Mindful Approach

  • Switching off the Autopilot

    Have you ever found yourself suddenly at work, and can't remember how you got there? Or noticed that all the food on your plate has gone, but can't remember eating it? We sometimes find ourselves operating on autopilot.

    Being on autopilot means that we are not engaged in what we are doing in the moment, and are therefore missing out on life as it is happening. Mindfulness acts as an antidote to this disengagement as it reminds us to pay attention to our everyday activities.

    Try this. When you brush your teeth in the morning, make your morning cup of coffee, or commute to work, observe what is happening around you – what you can see, hear, smell and feel. Allow yourself to be fully aware of your senses in each moment, no matter how mundane. The ordinary moments may feel a little less, well, ordinary.

  • Forgetting about the Past and Future

    Where is your mind most of the time? It's right here, you might say - or is it? Most of us spend a lot of time dwelling on memories of the past and worrying about what may or may not happen in the future. When we’re at work, we fantasise about being on vacation; on vacation, we worry about work.

    Mindfulness helps break this habitual thinking by bringing us back to the present. The past is over and the future has not happened so right now, life is just as it is.

    It doesn’t mean that we let go of all our creative musings, reflections on the past or abstract thinking. But by being aware, we can choose to disengage from these thoughts and focus on the present moment, or engage and use the creative functions of our minds.

  • Responding, not Reacting

    Reactions are learned, habitual actions that we do without conscious awareness. Have you ever chased the driver who has cut into your lane? Or yelled at your co-worker when they’ve made a mistake? These may have been moments when you reacted impulsively, rather than responded thoughtfully.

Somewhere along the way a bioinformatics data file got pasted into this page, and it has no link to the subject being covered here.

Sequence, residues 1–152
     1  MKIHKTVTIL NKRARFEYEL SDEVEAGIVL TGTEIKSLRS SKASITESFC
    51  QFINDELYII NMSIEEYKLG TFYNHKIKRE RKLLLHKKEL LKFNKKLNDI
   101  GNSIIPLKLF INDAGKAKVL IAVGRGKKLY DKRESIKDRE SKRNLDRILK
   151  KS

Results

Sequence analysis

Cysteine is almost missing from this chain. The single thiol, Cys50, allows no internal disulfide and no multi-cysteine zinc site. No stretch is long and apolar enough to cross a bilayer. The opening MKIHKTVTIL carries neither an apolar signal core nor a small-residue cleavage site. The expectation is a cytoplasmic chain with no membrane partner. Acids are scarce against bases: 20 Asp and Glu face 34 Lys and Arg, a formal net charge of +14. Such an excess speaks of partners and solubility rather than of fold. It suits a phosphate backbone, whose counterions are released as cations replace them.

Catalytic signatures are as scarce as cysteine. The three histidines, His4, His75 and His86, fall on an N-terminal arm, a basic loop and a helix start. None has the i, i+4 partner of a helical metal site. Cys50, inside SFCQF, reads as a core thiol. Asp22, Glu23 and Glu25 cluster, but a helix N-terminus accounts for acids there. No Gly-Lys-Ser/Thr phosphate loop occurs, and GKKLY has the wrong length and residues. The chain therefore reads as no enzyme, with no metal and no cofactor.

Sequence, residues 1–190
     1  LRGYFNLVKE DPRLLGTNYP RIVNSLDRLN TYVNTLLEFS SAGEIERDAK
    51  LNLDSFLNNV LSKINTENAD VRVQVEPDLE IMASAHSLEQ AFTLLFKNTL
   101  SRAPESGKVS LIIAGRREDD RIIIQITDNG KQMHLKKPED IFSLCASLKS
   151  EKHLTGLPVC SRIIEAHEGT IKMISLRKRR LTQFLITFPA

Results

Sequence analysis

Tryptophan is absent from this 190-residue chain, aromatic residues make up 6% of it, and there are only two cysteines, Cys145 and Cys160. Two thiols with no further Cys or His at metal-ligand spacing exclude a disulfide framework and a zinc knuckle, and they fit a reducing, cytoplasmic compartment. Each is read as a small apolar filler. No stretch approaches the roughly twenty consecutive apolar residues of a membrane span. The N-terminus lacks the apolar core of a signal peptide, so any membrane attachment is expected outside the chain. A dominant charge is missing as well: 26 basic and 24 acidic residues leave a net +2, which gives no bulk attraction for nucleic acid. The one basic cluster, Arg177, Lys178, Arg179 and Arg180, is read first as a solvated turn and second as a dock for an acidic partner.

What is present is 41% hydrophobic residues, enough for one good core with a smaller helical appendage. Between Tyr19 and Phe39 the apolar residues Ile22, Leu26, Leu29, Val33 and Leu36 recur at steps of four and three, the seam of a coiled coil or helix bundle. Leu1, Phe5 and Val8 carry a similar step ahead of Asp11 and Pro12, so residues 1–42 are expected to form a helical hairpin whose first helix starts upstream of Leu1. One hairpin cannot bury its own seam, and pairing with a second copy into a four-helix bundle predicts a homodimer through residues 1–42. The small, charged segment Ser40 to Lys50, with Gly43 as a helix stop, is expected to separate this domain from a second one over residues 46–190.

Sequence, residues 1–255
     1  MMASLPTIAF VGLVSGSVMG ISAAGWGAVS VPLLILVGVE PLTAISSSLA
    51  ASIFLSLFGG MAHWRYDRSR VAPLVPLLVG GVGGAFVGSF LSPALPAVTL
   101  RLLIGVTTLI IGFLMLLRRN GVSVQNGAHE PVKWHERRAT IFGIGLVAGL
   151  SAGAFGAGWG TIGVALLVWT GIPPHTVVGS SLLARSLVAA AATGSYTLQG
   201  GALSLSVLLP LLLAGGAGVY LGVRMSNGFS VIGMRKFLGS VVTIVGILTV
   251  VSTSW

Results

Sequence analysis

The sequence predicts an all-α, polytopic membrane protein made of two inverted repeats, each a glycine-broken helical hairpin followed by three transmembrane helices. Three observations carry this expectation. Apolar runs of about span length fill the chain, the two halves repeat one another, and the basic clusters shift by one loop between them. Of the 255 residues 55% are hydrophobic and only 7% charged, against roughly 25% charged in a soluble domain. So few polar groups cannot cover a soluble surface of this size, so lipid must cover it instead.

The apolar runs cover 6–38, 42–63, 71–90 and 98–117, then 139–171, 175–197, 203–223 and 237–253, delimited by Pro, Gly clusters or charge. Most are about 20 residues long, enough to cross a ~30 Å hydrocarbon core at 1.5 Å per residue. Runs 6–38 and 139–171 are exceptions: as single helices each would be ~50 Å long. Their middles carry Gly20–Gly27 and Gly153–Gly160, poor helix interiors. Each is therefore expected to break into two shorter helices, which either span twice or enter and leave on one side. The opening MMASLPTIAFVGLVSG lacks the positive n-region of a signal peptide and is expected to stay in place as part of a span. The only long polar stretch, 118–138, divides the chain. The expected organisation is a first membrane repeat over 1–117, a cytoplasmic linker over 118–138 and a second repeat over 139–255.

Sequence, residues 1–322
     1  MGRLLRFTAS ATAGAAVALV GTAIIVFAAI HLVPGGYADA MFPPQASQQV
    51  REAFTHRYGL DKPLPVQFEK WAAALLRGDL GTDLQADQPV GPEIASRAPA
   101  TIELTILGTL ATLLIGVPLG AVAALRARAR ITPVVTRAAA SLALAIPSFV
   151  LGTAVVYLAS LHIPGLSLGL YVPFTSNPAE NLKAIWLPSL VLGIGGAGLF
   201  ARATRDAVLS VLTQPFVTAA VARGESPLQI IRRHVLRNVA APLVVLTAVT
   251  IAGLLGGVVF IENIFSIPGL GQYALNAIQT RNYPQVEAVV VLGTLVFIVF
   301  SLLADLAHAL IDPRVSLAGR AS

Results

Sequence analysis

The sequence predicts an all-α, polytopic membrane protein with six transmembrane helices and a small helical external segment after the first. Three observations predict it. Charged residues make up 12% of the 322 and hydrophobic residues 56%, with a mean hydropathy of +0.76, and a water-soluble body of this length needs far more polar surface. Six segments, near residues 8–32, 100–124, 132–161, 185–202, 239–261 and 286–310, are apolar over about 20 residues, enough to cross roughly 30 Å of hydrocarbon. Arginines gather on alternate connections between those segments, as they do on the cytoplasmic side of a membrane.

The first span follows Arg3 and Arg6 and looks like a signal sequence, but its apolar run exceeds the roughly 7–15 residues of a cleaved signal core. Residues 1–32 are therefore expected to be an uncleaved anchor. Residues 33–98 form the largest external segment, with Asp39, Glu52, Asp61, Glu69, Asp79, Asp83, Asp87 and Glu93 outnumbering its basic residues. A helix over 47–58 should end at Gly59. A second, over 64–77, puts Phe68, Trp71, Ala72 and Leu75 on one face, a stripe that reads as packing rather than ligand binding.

Reacting this way causes unnecessary stress. When we are emotionally triggered by something that was said or someone else’s actions, we may do or say something on an impulse that we may come to regret later.

    Practising mindfulness enables us to pause, even in the midst of a difficult situation. That pause gives us a choice in how we wish to react. Instead of lashing out in anger or furrowing your brows in annoyance, stop, take a breath, recognise the emotion you’re feeling and ask yourself – how do you wish to respond?

  • Exercising a Mindful Attitude

    Mindfulness is about cultivating an awareness of ourselves and our present experiences, and accepting them exactly as they are, even when they're uncomfortable. Judgements include our ideas and opinions, likes and dislikes. By practising mindfulness, we learn to recognise when we are being judgemental.

    We then can choose to observe events as they may actually be with acceptance, rather than through the filter of our judgements. When we first start to practise mindfulness, we may notice a constant stream of judgements. Rather than engage and pursue these thoughts, we can practise being curious, observing our experiences as if for the first time.

    No moment is the same as the previous one. By being curious to this possibility, we may see familiar experiences with new eyes. At the same time, we learn to let go of our previous thought, emotion and situation, so that we can appreciate the next thought, emotion and situation exactly as it is. As we explore our understanding of the present moment, mindfulness practice reminds us to be kind and patient with ourselves as we foster a new relationship with our thoughts, emotions and experiences.